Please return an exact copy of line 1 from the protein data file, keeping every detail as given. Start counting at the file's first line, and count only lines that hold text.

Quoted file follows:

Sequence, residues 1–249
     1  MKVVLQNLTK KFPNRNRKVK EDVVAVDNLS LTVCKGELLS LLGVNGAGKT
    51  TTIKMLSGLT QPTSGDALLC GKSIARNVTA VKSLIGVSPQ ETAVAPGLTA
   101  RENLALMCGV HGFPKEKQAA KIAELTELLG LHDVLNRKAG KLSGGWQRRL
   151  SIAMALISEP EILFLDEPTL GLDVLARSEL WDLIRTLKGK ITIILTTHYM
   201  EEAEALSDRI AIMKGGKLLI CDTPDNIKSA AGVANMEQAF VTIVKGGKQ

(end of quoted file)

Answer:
Sequence, residues 1–249